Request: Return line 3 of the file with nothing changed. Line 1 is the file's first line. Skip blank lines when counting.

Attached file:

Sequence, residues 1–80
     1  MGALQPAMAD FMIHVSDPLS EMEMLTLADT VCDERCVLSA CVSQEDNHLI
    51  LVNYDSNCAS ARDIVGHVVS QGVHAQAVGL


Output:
    51  LVNYDSNCAS ARDIVGHVVS QGVHAQAVGL